Restricting larger-sized soft drinks may lift consumption, study finds

  • April 17, 2013
  • Sophie Langley

Limiting the sale of soft drinks to small sizes could actually increase consumption, rather than decrease it, says a new US study published on 10 April 2013 open-access academic research site PLOS ONE.

The researchers from the University of California found that participants in a behavioural test study consumed significantly more soft drink when they were able to buy it in bundles of two servings.

The study’s authors, Brent M. Wilson, Stephanie Stolarz-Fantino and Edmund Fantino, said that the New York City ‘soda ban’, which the City Council attempted to impose earlier this year, would not have prevented larger-sized drinks being sold in this way as bundles of smaller-sized drinks.

“Prior research has shown that package size only influences use when different sizes have different unit costs,” said the study’s authors. “If the price per ounce of soda does not change between the varying conditions, soda consumption may not decline when bundles are offered in lieu of larger cup sizes,” they said.

The study had one hundred undergraduate students from the University of California participate in a behavioural simulation where they were offered varying food and drink menus. One ‘unregulated’ menu offered 16 ounce, 24 ounce, or 32 ounce drinks for sale. A second ‘bundled’ menu offered 16 ounce drinks, a bundle of two 12 ounce drinks, or a bundle of two 16 ounce drinks. A third ‘restricted’ menu offered only 16 ounce drinks for sale. The instructions for participants did not mention a limit on drink size, and they were not asked how they would respond to such a restriction. Menu prices were based on McDonald’s drink prices at the time of the study.

More soft drink consumed with ‘bundled’ menu

Participants bought significantly more ounces of soft drink from the ‘bundled’ menu than from the ‘unregulated’ menu, according to a test comparing the two groups. Participants did, however, buy significantly fewer ounces of soft drink from the ‘restricted’ menu than from the ‘unregulated’ menu when those two groups were compared.

Revenue greater with ‘bundled’ menu

The researchers also found that revenue from drink sales was significantly higher for the ‘bundled’ menu than for the ‘unregulated’ menu, when those two groups were compared. Revenue was also significantly higher for the ‘bundled’ menu than for the ‘restricted’ menu when those two groups were compared. The study’s authors suggested these differences in revenue would likely provide strong incentive for businesses to implement a ‘bundled’ menu.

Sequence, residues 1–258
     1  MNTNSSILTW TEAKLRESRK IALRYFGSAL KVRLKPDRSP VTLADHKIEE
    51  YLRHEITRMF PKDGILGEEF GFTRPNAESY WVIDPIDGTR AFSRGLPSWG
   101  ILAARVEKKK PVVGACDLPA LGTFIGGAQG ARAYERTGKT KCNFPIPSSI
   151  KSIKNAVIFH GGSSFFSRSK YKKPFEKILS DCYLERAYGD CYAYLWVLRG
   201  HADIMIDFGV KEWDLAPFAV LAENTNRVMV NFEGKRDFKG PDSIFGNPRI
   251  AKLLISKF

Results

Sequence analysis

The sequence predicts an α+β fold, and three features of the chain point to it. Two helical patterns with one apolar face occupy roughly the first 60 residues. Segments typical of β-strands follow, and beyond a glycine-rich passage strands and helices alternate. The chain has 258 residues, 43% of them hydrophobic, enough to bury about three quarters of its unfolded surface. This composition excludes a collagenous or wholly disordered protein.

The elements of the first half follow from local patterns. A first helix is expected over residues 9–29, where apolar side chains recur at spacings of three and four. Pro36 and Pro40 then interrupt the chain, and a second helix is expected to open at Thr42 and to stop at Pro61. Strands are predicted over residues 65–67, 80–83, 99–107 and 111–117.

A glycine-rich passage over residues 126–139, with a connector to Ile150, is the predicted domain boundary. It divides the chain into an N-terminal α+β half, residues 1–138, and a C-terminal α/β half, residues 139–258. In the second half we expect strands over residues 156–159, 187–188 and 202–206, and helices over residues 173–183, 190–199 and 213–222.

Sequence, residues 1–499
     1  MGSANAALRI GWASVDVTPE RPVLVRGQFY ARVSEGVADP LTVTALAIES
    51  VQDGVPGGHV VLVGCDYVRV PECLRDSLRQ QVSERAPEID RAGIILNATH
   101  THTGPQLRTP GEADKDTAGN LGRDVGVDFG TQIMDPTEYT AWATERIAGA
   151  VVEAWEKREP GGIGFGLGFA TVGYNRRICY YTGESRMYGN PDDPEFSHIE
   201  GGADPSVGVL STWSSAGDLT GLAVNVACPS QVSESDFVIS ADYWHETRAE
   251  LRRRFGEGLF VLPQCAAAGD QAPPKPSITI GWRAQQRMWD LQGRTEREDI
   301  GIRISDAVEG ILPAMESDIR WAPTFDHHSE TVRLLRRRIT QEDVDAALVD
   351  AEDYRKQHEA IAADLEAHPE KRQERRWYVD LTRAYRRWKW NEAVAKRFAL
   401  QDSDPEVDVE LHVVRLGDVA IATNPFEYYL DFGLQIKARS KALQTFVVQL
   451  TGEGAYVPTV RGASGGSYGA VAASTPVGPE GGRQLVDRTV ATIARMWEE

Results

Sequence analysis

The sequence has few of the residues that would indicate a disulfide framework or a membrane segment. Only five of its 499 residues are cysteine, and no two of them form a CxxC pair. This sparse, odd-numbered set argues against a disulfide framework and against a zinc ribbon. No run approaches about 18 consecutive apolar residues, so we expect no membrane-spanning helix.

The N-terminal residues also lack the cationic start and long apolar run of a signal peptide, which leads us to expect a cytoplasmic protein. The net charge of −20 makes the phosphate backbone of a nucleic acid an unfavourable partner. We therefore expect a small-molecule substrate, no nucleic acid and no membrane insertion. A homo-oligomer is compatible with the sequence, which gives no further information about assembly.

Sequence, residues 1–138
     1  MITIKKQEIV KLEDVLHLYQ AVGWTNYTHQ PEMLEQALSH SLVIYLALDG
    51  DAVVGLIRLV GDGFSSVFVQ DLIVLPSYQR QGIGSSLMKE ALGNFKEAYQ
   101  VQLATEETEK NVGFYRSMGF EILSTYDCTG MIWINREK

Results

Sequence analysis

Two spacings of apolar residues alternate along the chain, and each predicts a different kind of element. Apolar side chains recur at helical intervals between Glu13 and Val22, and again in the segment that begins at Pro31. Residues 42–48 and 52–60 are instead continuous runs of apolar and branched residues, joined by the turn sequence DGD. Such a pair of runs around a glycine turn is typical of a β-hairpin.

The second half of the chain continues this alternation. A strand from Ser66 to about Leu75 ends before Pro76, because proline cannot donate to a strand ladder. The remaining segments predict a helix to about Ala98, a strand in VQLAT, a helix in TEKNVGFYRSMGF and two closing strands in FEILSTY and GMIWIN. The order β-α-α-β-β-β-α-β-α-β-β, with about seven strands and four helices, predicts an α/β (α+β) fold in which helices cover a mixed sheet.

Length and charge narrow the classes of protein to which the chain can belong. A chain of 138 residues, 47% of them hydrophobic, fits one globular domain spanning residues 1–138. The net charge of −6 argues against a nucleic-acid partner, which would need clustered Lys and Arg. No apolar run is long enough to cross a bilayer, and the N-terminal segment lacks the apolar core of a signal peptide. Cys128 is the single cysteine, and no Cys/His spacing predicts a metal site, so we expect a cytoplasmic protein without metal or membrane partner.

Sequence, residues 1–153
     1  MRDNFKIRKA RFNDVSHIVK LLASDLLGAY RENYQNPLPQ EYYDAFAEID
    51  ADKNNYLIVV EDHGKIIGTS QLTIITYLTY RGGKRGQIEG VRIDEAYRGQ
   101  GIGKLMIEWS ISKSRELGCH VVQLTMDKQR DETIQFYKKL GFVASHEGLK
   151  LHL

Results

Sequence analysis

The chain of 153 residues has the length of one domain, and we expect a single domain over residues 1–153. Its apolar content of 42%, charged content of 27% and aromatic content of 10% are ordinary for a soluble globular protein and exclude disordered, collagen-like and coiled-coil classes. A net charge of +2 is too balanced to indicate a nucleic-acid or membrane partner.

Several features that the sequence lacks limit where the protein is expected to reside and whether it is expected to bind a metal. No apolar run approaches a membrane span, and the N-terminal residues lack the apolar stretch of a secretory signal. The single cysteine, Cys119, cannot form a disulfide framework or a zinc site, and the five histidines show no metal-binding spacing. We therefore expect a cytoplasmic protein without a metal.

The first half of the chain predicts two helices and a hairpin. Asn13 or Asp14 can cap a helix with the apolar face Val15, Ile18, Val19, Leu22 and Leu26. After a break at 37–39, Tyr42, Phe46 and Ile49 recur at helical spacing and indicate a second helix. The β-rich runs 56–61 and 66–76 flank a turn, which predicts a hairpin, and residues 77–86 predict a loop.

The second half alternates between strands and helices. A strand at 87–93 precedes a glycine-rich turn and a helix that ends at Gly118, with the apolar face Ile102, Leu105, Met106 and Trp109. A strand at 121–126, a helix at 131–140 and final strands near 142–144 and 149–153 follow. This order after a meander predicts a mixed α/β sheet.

Considerations for future policy

The study’s authors admitted that ‘bundled’ menus may also encourage people to share drinks, and that in a real life situation factors like the inconvenience of carrying multiple cups could affect purchasing decisions. “However, this research shows a potential unintended consequence that may need to be considered in future policy making,” said the researchers.

Australian Food News reported in March 2013 that a New York Supreme Court judge ordered an injunction against the ‘soda ban’ just before it was due to be imposed. At the time, New York City Mayor Michael Bloomberg said the City would appeal the decision.


Reader Comments

Australian Food News reserves the right to edit or not publish comments of a potentially offensive or defamatory nature. Comments will not be published if name and email address has not been provided (name and email will be withheld if requested).

The opinions expressed below are those of Australian Food News readers and do not necessarily reflect those of Australian Food News.

2 Responses to “Restricting larger-sized soft drinks may lift consumption, study finds”

  1. Pie Hole Blogger on April 17th, 2013 2:18 pm

    This original research is really interesting. It’s amazing what happens when governments try to restrict or ban things, it just makes them more desirable. It also makes people go to greater lengths to get them (like prohibition).

    Nanny states often have the best of intentions. In this case, it is definitely an honourable thing that the mayor appears to care so much about how obesity is affecting the populous. However, restricting things makes people very creative in finding loopholes that often make the situation worse.

    I think all health professionals would agree that education about moderation is a better weapon.

    Here is a dietitian’s opinion and some further research about soda in the US:

  2. David Ellen on April 19th, 2013 2:37 pm

    It makes no difference what size the soft drink comes in. People know how much they want to drink. There is no need for a study or research to know that humans do what ever they feel like no matter how much other people try to stop or change things.

You must be logged in to post a comment.